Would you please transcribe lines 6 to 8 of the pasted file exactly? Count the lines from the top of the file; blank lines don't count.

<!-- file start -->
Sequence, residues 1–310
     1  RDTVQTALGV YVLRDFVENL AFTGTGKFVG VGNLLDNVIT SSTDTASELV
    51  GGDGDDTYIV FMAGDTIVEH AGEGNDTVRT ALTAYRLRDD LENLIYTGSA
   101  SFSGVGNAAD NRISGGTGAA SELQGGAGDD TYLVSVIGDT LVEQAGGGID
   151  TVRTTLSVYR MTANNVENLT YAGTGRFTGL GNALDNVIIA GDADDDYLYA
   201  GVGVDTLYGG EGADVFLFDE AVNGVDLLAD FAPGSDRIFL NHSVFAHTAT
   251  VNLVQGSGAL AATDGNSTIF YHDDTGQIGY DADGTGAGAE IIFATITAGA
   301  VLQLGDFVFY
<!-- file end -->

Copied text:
   201  GVGVDTLYGG EGADVFLFDE AVNGVDLLAD FAPGSDRIFL NHSVFAHTAT
   251  VNLVQGSGAL AATDGNSTIF YHDDTGQIGY DADGTGAGAE IIFATITAGA
   301  VLQLGDFVFY